Saturday, December 13

Kyle and Cameron Try to Win in Florida

Two out of three days at the National K-12 Championships have been completed. The field thinned out after five grueling rounds. Now only a handful of contenders remain undefeated with dreams of becoming national champion. Two local players have placed themselves in position to finish at the top: Kyle Shin (5.0 in 5th grade) and Cameron Wheeler (4.5 in 3rd grade). Three more sit at 4.0 with a decent shot at winning a trophy.
  • Kindergarten: Arun Khemani (CalChess Champion) 4.0 and Lindsey Canessa 2.5
  • 1st Grade: Rayan Taghizadeh (CalChess Champion) 4.0
  • 2nd Grade: John Canessa (CalChess Champion) 4.0
  • 3rd Grade: Cameron Wheeler (CalChess Champion) 4.5; Art Zhao 3.5 and Alvin Kong 3.0
  • 5th Grade: Kyle Shin (photo at right) 5.0 and Maadhav Shah 3.0
The 5th grade section is full of upsets, but top seeded Kyle Shin has calmly won all five of his games. On the other hand, the other three A players each dropped at least one point in the standings. My stern warning to take each game 100% seriously regardless of the opponent's rating has paid dividends so far; too many kids at nationals are underrated by 200 or more points (especially those hailing from New York or New Jersey).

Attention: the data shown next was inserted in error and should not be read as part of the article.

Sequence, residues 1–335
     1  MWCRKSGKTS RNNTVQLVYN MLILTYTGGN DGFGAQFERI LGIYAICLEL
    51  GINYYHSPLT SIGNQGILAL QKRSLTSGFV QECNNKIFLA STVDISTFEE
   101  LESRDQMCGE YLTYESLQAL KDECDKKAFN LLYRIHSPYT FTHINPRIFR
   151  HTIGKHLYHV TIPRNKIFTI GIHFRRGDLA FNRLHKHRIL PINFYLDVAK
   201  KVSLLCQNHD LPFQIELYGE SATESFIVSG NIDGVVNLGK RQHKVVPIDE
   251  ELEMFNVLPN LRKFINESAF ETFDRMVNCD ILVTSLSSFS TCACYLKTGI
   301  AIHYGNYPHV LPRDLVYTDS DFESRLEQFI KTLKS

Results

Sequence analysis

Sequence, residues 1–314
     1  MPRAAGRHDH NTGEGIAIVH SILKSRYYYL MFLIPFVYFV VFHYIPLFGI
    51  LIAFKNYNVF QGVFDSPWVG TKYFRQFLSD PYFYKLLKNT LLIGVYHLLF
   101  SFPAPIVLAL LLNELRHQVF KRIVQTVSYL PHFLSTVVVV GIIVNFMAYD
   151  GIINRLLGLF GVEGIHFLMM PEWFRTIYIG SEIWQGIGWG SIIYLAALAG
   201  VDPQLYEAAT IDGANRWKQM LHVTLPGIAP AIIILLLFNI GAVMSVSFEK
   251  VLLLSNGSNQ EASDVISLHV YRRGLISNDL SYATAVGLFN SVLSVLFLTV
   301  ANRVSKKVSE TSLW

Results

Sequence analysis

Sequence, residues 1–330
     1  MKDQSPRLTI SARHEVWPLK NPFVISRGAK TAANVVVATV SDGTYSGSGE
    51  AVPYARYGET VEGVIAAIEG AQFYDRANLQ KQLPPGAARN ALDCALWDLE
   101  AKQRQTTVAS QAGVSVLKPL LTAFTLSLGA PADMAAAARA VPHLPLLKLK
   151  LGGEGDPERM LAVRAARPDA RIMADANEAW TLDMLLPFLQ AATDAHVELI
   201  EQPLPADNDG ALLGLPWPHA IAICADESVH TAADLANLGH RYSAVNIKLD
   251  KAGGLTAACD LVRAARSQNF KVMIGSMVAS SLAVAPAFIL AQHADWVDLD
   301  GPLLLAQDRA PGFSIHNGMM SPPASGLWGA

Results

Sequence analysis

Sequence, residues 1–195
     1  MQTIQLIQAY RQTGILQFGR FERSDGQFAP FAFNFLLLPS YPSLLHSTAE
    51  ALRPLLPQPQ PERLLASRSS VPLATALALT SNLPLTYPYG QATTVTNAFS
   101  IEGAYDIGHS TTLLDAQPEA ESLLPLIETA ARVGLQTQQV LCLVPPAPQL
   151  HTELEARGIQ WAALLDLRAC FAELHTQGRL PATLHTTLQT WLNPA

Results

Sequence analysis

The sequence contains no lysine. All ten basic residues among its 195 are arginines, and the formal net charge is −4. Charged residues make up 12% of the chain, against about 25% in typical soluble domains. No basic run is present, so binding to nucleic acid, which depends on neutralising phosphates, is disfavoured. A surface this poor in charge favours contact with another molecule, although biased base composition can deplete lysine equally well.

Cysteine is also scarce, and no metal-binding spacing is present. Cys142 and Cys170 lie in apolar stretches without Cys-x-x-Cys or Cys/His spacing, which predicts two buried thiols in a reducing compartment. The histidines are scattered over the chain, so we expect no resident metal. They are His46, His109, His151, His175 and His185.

Kudos to Cameron Wheeler for taking care of business in the first four rounds and then drawing with talented Tommy He (1842) in round 5. The rook endgame seemed hopeless at first glance, but Cameron alertly kept his rook active until his opponent gave him a draw. He faces yet another 1800 on Sunday morning.

Best of luck to Kyle, Cameron and all CalChess kids in Florida!

2 comments:

Ted said...

Arun won round 6 and I hope they don't mess up the pairing again. He should be paired against Awonder (the only undefeated player in his section). This will be an exciting match since #1 & #2 player in the country will face against each other. Unfortunately my other student, Rayan lost today (after losing his queen!) and the rest are still playing.

fpawn said...

Kyle drew in round 6 and remains tied for first.